Third, plaintiffs offer no proof to substantiate the claim that Mr. Schneiderman himself would benefit from an order upholding the constitutionality of N.Y. Election Law § 7-104(4)(c). Specifically, plaintiffs offer no evidence that Mr. Schneiderman's opponent, John Cahill, is the nominee of an independent body called the "Stop Common Core Party." Indeed, this Court notes that Mr. Cahill-like defendant Lally-is listed on both the Republican and Conservative Party lines of the sample ballot which is attached as Exhibit 1 to the Memorandum of Law in Support of Plaintiffs' Motion for a Preliminary Injunction, but that no "bugs" appear on either line.
In light of the foregoing, this Court finds the argument that the Attorney General violated State ethics rules by choosing to intervene in this action solely "to benefit his electoral chances, " Letter to Hon. Sandra L. Townes from Deborah N. Misir, dated Oct. 7, 2014, p. 2, to be entirely unsubstantiated. Moreover, plaintiffs offer no arguments to rebut the proposition that the Attorney General is statutorily entitled to intervene, regardless of whether the incumbent Attorney General might have a conflict of interest that would prevent him from participating in the litigation himself. Accordingly, plaintiffs' motion for reconsideration is denied.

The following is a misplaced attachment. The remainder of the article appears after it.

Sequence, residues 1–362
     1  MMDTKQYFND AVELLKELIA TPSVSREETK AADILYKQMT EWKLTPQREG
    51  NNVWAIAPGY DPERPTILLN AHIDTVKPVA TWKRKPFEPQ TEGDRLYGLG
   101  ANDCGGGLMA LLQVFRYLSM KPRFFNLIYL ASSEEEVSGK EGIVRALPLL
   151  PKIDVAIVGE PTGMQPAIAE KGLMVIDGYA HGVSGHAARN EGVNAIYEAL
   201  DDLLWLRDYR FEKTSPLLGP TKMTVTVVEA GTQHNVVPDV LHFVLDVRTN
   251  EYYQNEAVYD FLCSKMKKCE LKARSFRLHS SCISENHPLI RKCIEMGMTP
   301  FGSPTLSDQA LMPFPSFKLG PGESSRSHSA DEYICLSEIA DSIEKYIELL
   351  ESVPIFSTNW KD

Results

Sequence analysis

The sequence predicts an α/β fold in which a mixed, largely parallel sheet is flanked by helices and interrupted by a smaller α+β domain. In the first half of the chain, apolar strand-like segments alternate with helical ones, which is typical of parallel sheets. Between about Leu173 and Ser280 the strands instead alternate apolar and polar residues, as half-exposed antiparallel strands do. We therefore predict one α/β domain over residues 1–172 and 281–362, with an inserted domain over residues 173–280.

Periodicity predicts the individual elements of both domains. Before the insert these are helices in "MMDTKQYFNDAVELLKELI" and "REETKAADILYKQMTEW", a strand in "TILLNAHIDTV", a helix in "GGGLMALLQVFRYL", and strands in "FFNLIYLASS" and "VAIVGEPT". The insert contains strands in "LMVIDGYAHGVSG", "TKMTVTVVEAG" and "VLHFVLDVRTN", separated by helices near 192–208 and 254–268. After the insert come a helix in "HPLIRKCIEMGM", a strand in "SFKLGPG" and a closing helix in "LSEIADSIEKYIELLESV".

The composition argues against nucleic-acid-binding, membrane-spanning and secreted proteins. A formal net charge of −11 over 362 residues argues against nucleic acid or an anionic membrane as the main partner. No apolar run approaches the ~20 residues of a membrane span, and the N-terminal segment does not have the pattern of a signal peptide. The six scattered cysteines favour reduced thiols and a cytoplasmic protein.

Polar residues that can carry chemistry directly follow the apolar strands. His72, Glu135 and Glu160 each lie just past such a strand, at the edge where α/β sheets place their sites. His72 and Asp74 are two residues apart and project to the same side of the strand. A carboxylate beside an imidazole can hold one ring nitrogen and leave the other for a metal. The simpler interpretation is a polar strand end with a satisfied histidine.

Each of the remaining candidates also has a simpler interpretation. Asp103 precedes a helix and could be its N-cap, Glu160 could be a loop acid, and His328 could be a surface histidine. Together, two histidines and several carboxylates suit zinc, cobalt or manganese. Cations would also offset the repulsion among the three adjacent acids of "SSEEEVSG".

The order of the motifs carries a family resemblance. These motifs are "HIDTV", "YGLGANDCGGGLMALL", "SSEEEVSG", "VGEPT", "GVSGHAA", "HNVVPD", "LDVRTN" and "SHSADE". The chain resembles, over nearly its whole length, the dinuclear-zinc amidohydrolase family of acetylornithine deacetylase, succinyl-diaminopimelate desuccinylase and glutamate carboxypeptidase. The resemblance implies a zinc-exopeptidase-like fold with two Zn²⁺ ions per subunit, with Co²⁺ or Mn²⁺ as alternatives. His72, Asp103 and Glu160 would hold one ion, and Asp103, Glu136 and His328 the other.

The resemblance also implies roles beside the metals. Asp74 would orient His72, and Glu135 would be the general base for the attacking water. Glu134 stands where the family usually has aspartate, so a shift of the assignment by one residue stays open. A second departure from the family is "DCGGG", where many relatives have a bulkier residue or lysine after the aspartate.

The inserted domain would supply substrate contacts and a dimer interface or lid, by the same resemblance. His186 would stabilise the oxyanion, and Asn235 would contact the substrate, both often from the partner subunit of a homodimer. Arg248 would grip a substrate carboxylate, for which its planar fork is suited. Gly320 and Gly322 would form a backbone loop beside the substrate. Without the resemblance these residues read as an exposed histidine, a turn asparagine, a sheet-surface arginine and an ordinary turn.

For the reasons stated above, Plaintiffs' motion for ...